Almost no one relishes the prospect of jury duty.
Although the service is a vital part of our civic responsibility, most people aren’t fond of the prospect of having to spend time away from work or home in court. Everyone has their reasons — discomfort with deciding a fellow Alaskan’s guilt or innocence, distrust of the legal system, simple resentment at being taken away from other important priorities — but regardless, we all have to serve.
This week, a member of the Alaska Legislature introduced a bill that would change that, carving out an exemption from jury duty for teachers during the school year.
The bill is undoubtedly brought forward with good intentions, but the Legislature should reject it for the damage it would do to a bedrock institution of democracy.
Rep. Jim Colver, R-Palmer, introduced the bill. He says excusing schoolteachers from jury service during the school year will prevent disruptions to learning in the classroom.
These disruptions of the regular class schedule are a headache for teachers and schools. They are costly, as substitutes must be hired, and they often force departures from regular lesson plans that can impact students’ education. Teachers are numerous enough that members of the profession receive jury notices frequently. They are also important to our society and their presence is missed even if they are only out of the classroom for a few days.
Despite this, they shouldn’t get a blanket excusal from service, for several reasons.
One, as mentioned before, is that jury duty, along with voting and paying taxes, is a bedrock civic responsibility in which we all must participate. And though Alaskans might gripe about it (as many do with all three of those responsibilities), the truth is that jury duty reacquaints us with some of the fundamental principles of our society: innocence until guilt is proven, the right not to incriminate one’s self and the right to fair trials regardless of one’s finances. There is great societal value in having those values reinforced through first-hand experience.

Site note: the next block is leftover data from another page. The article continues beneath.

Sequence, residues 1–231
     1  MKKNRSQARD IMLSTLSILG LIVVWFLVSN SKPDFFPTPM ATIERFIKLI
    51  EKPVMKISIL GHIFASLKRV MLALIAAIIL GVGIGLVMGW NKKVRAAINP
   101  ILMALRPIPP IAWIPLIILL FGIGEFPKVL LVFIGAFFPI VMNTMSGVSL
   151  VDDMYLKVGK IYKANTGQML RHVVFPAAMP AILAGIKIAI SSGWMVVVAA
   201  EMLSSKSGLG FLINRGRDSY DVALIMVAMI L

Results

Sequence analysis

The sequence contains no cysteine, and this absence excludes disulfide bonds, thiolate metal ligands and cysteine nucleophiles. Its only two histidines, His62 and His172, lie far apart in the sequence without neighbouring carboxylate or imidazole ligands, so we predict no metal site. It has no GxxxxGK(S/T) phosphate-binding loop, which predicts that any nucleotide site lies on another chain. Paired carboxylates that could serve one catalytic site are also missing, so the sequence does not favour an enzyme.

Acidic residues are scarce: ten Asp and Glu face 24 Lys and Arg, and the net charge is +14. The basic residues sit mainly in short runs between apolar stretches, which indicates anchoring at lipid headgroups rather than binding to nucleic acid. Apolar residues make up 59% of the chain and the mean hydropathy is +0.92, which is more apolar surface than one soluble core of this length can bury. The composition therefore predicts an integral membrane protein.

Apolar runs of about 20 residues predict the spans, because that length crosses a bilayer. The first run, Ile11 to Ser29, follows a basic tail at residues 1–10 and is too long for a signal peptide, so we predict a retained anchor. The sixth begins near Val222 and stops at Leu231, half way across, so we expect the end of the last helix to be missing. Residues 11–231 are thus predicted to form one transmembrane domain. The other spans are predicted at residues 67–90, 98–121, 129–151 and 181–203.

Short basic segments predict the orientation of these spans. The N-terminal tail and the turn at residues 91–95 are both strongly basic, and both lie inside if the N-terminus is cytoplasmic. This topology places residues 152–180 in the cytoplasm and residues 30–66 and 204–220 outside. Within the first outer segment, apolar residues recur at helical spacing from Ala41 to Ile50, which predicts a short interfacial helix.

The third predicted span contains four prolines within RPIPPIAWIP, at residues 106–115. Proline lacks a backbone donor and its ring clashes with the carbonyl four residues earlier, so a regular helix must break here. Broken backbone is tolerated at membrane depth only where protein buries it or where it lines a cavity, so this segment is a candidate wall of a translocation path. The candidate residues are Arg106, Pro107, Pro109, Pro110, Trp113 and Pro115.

The point of jury duty — or one of them, at least — is that it is a great equalizer. Regardless of whether one works a part-time job for minimum wage or runs a multi-million-dollar business, there is no special treatment applied based on social or economic status.
Everyone has to serve, and everyone’s vote counts the same in the jury room. Carving out exemptions to that responsibility is problematic, because it introduces the notion of special status.
How is the absence of a teacher from the classroom, for instance, more consequential than the absence of a university professor? For that matter, is a manager or business president to be given greater consideration because that person directs the activities of their employees?
Creating exceptions based on profession or status is a slippery slope, and each step down it reduces the size and quality of the jury pool.
Furthermore, provisions exist that provide for those who would be unduly inconvenienced by jury service. Permanent exemptions exist for those older than 70 who seek to be excused, as well as those who are mentally or physically disabled. Judicial officers and teachers in low-performing schools are also excused from service (for teachers, this exemption exists only during the school year). The rest of us — including teachers — may petition to have jury service deferred by as much as 10 months because of the hardship or difficulty it would cause. That deferral is sufficient to allow any teacher’s service to be put off until school is out, if desired. Further exemptions aren’t necessary.
While Rep. Colver undoubtedly has good intentions in sponsoring his bill, and preventing classroom disruptions should always be a high priority, exempting teachers from jury service during the school year sends the wrong message and does harm to the notion that all Alaskans must perform their service equally.
— Fairbanks Daily News-Miner, March 6